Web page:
Even if you receive the minimum wage, make sure that the wage amount does not violate the prohibition of grossly unfair remuneration.

In Germany, the state customs administration checks whether the employer complies with the prescribed minimum wage. If not, the employer must pay the minimum wage arrears. Additionally, they may be fined.

Tip: If you do not receive the minimum wage, you can call the Minimum Wage Hotline (citizen's phone of the BMAS at 030 60 28 00 28). This number accepts complaints and reports of violations of the Minimum Wage Act. For more information on the minimum wage in Germany, refer to the DGB's topic page.

Working Hours and Vacation

Your working time may not exceed 8 hours per day. With few exceptions, rest breaks and the journey to and from work are not counted as working time. The working time may be extended to a maximum of ten hours if, on average, you do not exceed eight hours of daily working time within six months. Working is prohibited on Sundays and public holidays. Only for certain industries and activities are there legal or collectively agreed exceptions to this working time regulation. The legal exceptions are regulated by the Working Hours Act.

Note: Document your daily working time: Write down your working hours and breaks every day. Have your notes signed by your supervisor/foreman. If this is not possible, ask a colleague to sign.

Vacation

Employees in Germany are entitled to paid annual leave of at least 24 working days per calendar year. These are four weeks of vacation per year since Saturdays also count as working days. The entitlement arises six months after the start of the employment relationship. If the duration of the employment relationship is shorter than six months, you are entitled to pro-rata leave (two working days per month).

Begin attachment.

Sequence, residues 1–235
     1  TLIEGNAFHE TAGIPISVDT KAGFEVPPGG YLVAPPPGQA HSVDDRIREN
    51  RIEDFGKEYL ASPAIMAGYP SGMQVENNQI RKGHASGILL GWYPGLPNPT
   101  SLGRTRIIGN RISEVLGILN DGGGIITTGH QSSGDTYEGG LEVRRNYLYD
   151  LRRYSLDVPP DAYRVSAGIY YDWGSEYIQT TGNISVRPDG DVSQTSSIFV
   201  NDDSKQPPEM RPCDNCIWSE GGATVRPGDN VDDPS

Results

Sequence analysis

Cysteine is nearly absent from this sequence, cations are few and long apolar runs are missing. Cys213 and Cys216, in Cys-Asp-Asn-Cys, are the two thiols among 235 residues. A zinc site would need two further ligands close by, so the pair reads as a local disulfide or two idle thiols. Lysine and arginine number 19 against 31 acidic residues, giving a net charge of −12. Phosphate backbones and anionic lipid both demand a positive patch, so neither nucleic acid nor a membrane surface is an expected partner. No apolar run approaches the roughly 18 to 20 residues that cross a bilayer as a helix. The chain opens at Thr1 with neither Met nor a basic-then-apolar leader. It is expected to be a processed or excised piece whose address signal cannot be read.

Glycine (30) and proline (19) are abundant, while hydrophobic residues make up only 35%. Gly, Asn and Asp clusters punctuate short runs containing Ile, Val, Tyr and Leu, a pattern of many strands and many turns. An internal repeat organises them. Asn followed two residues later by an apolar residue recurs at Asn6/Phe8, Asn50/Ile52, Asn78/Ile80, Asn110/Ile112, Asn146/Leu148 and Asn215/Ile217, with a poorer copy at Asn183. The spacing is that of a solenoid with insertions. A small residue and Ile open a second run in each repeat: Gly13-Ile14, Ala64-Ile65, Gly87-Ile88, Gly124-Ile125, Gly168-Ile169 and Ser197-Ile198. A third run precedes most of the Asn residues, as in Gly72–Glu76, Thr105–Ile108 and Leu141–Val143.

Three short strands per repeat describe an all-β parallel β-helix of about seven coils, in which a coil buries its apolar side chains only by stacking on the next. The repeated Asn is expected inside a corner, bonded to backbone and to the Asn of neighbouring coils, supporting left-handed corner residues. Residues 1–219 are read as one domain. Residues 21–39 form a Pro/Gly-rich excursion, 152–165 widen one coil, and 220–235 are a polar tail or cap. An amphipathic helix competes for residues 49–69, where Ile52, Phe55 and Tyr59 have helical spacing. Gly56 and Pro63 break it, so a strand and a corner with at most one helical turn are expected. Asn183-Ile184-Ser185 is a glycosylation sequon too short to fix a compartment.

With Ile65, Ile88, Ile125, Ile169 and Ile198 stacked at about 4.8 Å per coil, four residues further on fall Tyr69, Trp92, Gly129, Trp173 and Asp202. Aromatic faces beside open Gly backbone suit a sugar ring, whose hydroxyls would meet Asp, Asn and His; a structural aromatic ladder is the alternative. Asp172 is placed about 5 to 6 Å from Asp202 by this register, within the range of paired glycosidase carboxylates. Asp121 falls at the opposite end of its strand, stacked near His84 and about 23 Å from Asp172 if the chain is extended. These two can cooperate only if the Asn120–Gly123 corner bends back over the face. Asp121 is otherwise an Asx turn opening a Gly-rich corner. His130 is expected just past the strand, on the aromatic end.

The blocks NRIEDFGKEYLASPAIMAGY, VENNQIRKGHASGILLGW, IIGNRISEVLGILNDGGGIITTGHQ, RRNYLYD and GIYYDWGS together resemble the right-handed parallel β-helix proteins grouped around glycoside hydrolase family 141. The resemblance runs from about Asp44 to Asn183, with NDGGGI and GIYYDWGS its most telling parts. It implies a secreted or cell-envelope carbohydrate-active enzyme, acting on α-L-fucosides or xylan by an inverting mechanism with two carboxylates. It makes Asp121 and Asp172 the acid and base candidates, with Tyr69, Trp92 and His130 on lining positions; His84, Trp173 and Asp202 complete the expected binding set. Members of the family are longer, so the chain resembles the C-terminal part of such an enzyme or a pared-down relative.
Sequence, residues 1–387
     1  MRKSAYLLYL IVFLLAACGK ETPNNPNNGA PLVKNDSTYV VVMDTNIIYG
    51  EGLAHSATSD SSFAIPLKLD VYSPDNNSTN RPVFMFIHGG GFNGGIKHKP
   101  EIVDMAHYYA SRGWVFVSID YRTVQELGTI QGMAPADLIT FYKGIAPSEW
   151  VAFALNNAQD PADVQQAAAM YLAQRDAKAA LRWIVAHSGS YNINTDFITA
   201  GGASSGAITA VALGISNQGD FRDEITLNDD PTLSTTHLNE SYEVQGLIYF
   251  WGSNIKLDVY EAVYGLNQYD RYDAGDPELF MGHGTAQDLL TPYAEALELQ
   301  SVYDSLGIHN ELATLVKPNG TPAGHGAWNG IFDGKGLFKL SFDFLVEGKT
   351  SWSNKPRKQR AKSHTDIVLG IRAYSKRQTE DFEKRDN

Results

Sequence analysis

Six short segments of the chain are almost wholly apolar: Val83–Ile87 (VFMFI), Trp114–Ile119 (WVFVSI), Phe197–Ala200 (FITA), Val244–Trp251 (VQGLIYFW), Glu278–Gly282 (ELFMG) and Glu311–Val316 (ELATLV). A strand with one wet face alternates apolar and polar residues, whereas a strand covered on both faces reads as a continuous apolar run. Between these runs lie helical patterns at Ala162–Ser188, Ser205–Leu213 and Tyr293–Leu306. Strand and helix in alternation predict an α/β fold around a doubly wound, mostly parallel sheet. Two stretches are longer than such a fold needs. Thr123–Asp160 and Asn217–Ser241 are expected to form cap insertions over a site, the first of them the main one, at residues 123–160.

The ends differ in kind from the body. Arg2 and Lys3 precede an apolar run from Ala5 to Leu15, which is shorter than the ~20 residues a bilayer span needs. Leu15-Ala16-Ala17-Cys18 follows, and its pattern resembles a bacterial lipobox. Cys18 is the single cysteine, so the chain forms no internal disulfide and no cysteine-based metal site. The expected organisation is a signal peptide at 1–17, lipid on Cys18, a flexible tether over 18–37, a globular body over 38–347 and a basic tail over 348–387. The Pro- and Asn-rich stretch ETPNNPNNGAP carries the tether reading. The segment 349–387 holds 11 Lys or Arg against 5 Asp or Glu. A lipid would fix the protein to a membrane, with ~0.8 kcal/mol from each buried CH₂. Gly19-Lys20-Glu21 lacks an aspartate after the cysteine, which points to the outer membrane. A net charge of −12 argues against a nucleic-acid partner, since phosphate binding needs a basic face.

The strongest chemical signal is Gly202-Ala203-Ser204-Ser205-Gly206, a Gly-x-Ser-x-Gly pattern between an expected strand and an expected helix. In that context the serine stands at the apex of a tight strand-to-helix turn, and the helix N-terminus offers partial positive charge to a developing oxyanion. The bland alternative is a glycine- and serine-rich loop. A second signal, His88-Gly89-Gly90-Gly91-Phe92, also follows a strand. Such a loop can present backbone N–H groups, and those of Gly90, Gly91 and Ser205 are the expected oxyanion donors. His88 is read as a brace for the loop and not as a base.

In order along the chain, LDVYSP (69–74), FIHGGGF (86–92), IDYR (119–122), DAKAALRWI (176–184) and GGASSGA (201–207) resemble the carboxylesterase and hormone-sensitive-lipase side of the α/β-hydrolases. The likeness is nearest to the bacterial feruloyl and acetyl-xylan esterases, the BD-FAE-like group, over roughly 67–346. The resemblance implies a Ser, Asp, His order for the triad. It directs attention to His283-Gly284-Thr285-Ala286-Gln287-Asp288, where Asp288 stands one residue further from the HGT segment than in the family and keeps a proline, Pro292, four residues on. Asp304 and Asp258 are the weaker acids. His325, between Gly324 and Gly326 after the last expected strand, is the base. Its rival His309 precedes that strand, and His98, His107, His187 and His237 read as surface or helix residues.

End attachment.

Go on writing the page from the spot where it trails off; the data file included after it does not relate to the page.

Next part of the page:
Vacation is regulated in the employment contract. For employment relationships under collective agreements, the duration of vacation is generally higher. For young people, the vacation regulations of the Youth Employment Protection Act apply. Depending on age, the Youth Employment Protection Act requires up to 30 working days of vacation.

 

Continued Payment of Wages in Case of Illness

If you have worked in a company for more than four weeks and become ill, you are entitled to payment of your regular wages for up to 6 weeks from your employer.

This also applies if you are unable to work due to a sports injury. However, if you have knowingly jeopardized your health, for example, by driving under the influence or smoking after a heart attack, the employer may refuse to pay your wages.

Note: If you are sick, you must notify the employer as soon as possible. You need a medical certificate no later than the 4th calendar day of illness. For example, if you became ill on Friday, you must submit a medical certificate to the employer on Monday. However, the employer may request the sick note as early as the first day of illness. Be sure to adhere to these deadlines, as a violation can lead to termination.

Rights and Duties for Employees in Case of Job Loss

If Your Wages Are Not Paid

Note: In the event of termination or job loss, you have various options to seek legal assistance. Make sure to fulfill your obligations for timely reporting and documentation.

If the employer fails to pay the agreed wages, demand payment of the unpaid wages in writing. Be sure to set a deadline of 2 weeks for payment.

In this letter, specify the working hours for which you are claiming wages, the total wage amount, and your bank account details. Complain to the works council or another relevant entity in the company (e.g., a designated representative) about the outstanding wage payments. You can also receive support for your wage claims from there.

If the employer still does not respond to your payment request within the specified deadline, you can enforce the wage claim through a lawsuit at the labor court. If you do not speak sufficient German to conduct a trial, the court automatically provides an interpreter.

CAUTION: In court, you must prove the wage claims. Therefore, record your working hours every day. Have your notes signed by your supervisor/foreman. If this is not possible, ask a colleague to sign.

If I've Been Terminated

In this case, you must file a lawsuit in court (termination protection lawsuit) within 3 weeks of receiving the termination notice. This deadline applies to all terminations, regardless of whether you fall under the Termination Protection Act.